Scottish Government must double investment in adult social care support to drive transformative change and create up to 75,000 new jobs
Today the Scottish Women’s Budget Group launched new research calling for the Scottish Government to significantly ramp up its investment in the nation’s adult social care support services.
The new report – Towards a Transformative Universal Adult Social Care Support Service for Scotland – provides analysis that says the Scottish Government must double its current investment in the adult social care sector to create a truly universal, quality system for all. This would mean investing £6.8bn per year, almost double the current level.
This investment would not only address the long-term lack of investment in the sector, but also provide fairer pay to those working in it, create up to 75,000 new jobs, and reduce the pressures on unpaid carers created by unmet needs.
Investing in social care brings returns to society and the economy, and its call comes as the Scottish Government continues to develop the new National Care Service.
Sara Cowan, the Coordinator of the Scottish Women’s Budget Group, said: “Scotland’s social care sector is in a critical state and needs urgent investment.
“For too long care has been underfunded and undervalued and, with women undertaking the majority of paid and unpaid care work, this undervaluation has both caused – and continues to drive – significant levels of gender inequality across our society.
“But there is an opportunity for change.
“We urge the Scottish Government to make significant extra investment in Scotland’s social care sector as a matter of urgency and we hope the numbers published in today’s research offer some benchmark as to what is needed to drive transformative change.”
SWBG calculates that to expand the reach of care services to those with more moderate care needs, eliminate unmet need in the system and increase the wages of paid care workers to a fairer £15.21 per hour, would cost £6.8 bn per year, up from about £3.5bn currently.
The research, which was part-funded by Oxfam Scotland, also provides a less ambitious scenario, requiring investment of £5.1bn per year – roughly 50% above current investment levels, as a step towards transformative change. This scenario covers current care needs, but expands coverage by about 20% to reduce unmet need, while extending free provisional to all types of care, and increasing pay rates to £12.50 an hour.
Organisations across the care sector have been pointing towards undervaluation of care and a lack of sufficient investment as the root causes of the current care crisis. Whilst plans to develop a new National Care Service are underway, SWBG’s report illustrates that significant extra funding is needed to create change for people accessing social care support, those paid to work in care services, and unpaid carers who shoulder much of the much of the pressure created by gaps within the current system.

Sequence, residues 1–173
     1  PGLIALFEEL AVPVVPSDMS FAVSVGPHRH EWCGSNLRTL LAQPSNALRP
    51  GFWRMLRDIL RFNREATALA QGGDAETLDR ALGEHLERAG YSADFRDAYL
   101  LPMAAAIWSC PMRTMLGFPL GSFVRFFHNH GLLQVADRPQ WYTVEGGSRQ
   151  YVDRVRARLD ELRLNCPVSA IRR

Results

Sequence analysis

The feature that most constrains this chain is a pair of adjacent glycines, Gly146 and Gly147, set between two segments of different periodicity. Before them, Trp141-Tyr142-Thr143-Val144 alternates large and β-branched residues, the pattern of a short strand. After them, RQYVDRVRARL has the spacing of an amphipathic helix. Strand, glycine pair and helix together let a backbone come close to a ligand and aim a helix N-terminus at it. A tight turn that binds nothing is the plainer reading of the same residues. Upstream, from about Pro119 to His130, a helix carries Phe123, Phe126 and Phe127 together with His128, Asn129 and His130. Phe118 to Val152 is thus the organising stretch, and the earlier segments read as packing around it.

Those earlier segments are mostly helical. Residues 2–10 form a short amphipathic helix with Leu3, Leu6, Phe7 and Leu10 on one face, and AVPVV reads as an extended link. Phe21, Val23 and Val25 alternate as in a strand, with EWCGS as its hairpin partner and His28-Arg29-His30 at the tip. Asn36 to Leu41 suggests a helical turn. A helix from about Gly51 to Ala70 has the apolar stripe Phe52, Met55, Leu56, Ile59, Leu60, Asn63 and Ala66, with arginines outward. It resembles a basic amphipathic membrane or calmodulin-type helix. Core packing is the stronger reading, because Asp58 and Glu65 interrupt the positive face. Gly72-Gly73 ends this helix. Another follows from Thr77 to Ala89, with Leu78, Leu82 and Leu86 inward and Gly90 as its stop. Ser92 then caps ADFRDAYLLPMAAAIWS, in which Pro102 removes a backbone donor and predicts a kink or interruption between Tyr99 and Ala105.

The modelling also shows that doubling investment to £6.8bn per year could see 43,000 new care sector jobs created, as well as 8,000 new jobs in industries supplying the care sector, and over 24,000 new jobs through induced employment as a result of newly employed workers spending in the Scottish economy. Better paying care jobs would also see some return of investment through tax, as well as additional spending within local economies.
Dr Jerome De Henau, Senior Lecturer in Economics at the Open University, who conducted the analysis for the SWBG, said: “In Scotland, as across the UK, Government investment in care falls short despite ambitious political objectives of improving working conditions and access to care support.
“This modelling builds on experiences from other countries, particularly the Nordic countries of Denmark, Norway and Sweden, where greater public investment is made in care based on universal access to care support by a professionalised and well-paid workforce.
“Rather than starting from current social care budgets, the modelling aims at costing care needs from the bottom up to show the extent of the additional investment required over the next ten years that would match those political ambitions. The modelling shows that a truly transformative system of adult social care should see public spending rise to between 3.5% and 4% of GDP, from the current 2%, a level on par with those Nordic countries.”
The Scottish Government has previously recognised the need to view care as an investment in our society and economy. The Scottish Women’s Budget Group is calling on them to consider the findings, and place adult social care support services on a pathway towards the funding levels required to ensure more people can access the care they need, while paying workers more fairly.
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